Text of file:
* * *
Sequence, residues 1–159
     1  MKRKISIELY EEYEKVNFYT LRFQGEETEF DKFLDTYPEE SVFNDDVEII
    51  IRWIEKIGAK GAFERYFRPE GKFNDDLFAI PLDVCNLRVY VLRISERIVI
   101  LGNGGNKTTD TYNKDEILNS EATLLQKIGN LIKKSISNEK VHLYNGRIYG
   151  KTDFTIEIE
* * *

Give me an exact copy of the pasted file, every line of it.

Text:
Sequence, residues 1–159
     1  MKRKISIELY EEYEKVNFYT LRFQGEETEF DKFLDTYPEE SVFNDDVEII
    51  IRWIEKIGAK GAFERYFRPE GKFNDDLFAI PLDVCNLRVY VLRISERIVI
   101  LGNGGNKTTD TYNKDEILNS EATLLQKIGN LIKKSISNEK VHLYNGRIYG
   151  KTDFTIEIE